That statement has nothing to do with his fishing ability. Just three months ago, Cox was ranked No. 1 in our sport after two incredible seasons of vying for the FLW Tour Angler of the Year title.
What makes Cox’s Forrest Wood Cup win so historic is he did it not from a fully-loaded, 75-mph rocket we call a modern fiberglass bass boat, but instead from an aluminum boat. In doing so, he became the only pro to ever win a modern world championship in bass fishing from a metal boat.
Much as he did when he won his first FLW Tour event on the Red River in 2011, Cox was able to get his aluminum boat into stretches of Lake Wheeler others simply couldn’t. He had an entire backwater pattern all to himself, and while things got pretty close after a hiccup on day three and some late surges from the likes of Michael Neal and Jeremy Lawyer the final day, Cox showed yet again he’s arguably the best shallow-water angler out there. And now he has a giant, shiny trophy to prove it.
So, now that he’s a world champion, he’s got to be back at No. 1 in our rankings, right? Nope. He’s close, as he bumped back up to fourth after his monumental victory this weekend. However, his mediocre finish at Kentucky Lake earlier this summer is enough to weigh down his two-year average just enough to keep him from being No. 1 … not that he probably minds right now.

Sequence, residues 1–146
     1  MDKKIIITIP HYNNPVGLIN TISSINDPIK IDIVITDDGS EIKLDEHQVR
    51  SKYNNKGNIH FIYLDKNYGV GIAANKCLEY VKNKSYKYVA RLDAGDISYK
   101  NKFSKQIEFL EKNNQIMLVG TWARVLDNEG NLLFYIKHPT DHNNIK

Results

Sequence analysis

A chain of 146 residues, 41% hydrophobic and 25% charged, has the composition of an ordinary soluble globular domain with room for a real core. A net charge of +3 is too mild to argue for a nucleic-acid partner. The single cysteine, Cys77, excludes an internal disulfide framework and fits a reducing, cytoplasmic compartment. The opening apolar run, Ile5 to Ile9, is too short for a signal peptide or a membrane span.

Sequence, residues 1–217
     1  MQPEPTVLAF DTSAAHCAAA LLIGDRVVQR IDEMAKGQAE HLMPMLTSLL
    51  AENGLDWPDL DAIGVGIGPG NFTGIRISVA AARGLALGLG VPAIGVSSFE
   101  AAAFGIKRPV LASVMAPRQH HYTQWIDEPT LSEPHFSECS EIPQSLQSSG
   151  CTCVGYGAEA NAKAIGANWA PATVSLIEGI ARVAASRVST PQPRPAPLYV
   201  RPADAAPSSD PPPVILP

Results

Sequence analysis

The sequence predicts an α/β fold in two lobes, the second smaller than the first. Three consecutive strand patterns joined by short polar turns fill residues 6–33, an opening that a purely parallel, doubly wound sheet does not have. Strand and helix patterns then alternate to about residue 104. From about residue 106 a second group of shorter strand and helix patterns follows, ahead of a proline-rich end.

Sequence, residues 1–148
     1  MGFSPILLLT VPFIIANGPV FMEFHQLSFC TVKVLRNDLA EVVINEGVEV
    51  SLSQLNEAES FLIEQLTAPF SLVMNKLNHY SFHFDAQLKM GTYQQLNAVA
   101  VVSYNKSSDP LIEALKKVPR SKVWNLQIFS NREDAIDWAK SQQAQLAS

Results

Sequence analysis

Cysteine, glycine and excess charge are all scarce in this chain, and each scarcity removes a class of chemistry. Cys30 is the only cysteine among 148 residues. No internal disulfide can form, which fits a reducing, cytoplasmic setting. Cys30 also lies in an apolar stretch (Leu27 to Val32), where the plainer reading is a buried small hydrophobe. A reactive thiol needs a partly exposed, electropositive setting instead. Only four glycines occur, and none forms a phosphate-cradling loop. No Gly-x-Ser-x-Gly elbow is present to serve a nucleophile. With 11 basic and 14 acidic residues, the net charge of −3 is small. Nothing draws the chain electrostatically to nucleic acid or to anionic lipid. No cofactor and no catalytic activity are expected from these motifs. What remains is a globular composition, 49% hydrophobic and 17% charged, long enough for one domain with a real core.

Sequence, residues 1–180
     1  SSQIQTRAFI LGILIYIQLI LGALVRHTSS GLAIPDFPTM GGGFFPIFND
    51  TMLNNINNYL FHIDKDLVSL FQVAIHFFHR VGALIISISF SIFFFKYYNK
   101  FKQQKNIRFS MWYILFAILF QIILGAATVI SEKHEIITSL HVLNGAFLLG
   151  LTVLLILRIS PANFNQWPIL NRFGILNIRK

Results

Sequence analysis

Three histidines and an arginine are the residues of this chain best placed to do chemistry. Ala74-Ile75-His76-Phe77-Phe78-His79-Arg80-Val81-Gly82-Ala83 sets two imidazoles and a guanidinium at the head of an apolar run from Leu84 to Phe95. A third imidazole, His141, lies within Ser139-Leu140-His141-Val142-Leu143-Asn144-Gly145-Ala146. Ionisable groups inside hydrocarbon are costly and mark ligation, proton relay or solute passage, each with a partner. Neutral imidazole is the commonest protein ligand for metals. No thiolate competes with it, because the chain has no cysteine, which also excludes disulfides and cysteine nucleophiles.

It’s noteworthy that Cox now makes up a foursome of FLW Tour anglers who are clearly above the rest of the field. Andy Morgan, Scott Martin, Bryan Thrift (fresh off his fourth-place finish at the Cup) and now Cox are ranked first through fourth, respectively. After that, there is only one other FLW Tour angler in our top 20 (Jacob Wheeler at No. 9). The rest are all Elite Series pros.
Scott Canterbury was also in the top 20 prior to the Cup, but his mid-tier finish dropped him to 22nd. He wasn’t the only high-ranking FLW Tour pro to slide after the championship, as Stetson Blaylock slid to 27th and Wesley Strader slipped all the way to 40th.
Michael Neal made Cox sweat a little the final day, as he was one of the few to locate fish offshore – not surprising considering his background. Neal is now ranked 82nd. Then there is Todd Auten, who really made Cox worried after day three. However, his fish deserted him on the final day. Still, the quiet man from South Carolina moved up to 140th.